The World’s Biggest Fish Fry is a premier event for Paris – Henry County and West Tennessee. The last full week of April annually attracts people locally as well as nationally. Visitors come from across the country to enjoy the festivities.
The whole festival revolves around the “Fish Tent” where by last account over 12,500 pounds of catfish is served with all the trimmings. In addition to all you can eat catfish you will find parades, carnival, rodeos, catfish races, dances, arts and crafts to name a few. Events actually begin early in February with beauty pageants leading up to the week long celebration.
The “Fish Fry” as everyone calls it around here evolved from “Mule Day”, which originated in 1938 with the Paris Post Intelligencer as the first sponsor. Farmers came to town on the first Monday in April to trade their mules and other farm products, do their shopping and enjoy the fellowship of their friends. Early in the 1950’s the Chamber of Commerce took over “Mule Day” complete with a parade and beauty queens. When the tractor began to replace the mules the Chamber of Commerce contemplated another event to replace “Mule Day”.
In 1953, the Chamber of Commerce held the first “Fish Fry”. The event was not as successful as hoped. The fish were not from Kentucky Lake and just didn’t live up to the palates of the fish eating public. The parade was short and the event was held on the high school football field for one day and night.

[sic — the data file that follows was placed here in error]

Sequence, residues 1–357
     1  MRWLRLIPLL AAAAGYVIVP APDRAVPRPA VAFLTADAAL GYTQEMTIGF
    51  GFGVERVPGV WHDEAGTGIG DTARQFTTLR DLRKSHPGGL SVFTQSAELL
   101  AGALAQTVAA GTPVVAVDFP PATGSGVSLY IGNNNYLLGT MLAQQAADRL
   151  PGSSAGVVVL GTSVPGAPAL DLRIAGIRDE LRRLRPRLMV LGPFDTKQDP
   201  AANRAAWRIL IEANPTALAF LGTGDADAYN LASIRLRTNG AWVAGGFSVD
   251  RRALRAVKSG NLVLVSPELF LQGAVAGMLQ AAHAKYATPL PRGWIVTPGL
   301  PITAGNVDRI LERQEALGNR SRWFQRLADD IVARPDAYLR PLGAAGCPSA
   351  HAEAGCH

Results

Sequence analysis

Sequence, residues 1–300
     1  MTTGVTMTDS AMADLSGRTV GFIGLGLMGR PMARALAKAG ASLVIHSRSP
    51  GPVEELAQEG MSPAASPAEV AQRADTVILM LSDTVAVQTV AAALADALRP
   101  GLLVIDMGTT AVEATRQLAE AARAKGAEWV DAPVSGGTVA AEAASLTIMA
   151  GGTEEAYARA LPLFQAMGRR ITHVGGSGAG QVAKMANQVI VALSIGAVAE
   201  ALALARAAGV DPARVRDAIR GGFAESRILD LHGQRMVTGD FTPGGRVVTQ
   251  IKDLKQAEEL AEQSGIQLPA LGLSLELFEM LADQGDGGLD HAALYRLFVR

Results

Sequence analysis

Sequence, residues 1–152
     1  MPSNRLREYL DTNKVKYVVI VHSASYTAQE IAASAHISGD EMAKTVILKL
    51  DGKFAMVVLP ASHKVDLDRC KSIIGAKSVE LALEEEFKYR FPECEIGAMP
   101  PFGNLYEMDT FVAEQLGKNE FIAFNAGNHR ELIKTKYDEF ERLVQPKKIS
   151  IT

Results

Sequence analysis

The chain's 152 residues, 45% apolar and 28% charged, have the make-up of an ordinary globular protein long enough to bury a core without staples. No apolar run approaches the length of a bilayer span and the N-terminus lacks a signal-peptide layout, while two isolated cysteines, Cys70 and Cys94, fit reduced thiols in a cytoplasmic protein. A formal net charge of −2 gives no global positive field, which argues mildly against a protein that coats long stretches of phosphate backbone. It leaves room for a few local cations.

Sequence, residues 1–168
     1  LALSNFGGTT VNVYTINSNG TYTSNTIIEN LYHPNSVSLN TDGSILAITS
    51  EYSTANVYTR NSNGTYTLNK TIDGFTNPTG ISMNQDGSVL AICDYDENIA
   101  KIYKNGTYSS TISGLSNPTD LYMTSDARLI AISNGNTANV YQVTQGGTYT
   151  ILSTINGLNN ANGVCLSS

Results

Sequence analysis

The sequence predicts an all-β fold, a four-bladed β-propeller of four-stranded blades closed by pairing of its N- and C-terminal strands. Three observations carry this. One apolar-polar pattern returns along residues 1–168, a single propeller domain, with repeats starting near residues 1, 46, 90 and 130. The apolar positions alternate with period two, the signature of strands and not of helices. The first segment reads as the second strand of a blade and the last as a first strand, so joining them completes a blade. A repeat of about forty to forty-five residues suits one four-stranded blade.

In 1961 the Paris-Henry County Jaycees (Junior Chamber of Commerce) took over the “Fish Fry” from the Chamber of Commerce.
Since 1961 and thanks to the Paris-Henry County Jaycees the festival has grown unbelievably from 1,600 pounds of catfish cooked to over 5 tons of catfish and a two hour grand parade.
The venue of the festival has moved from the court square, then to what was once known as the hitch lot just blocks from the court square, then back to a parking lot downtown and finally to a building at the Henry County Fairgrounds in the early 1980’s. In the early days the fish cooking was done outdoors and eaten on picnic tables under big tents, hence the term “Fish Tent”. It is now known as the Robert E. “Bobby” Cox Memorial Fish Tent.
The Jaycees continue to do a fantastic job organizing the event but also depend on many community volunteers to pull it off each year. The Paris-Henry County Jaycees are still growing the event and offering new and different things resulting in increased attendance, more catfish cooked and served.
The Jaycees and the community invite everyone to visit Paris and Henry County the last full week of April for a week of fun and southern hospitality!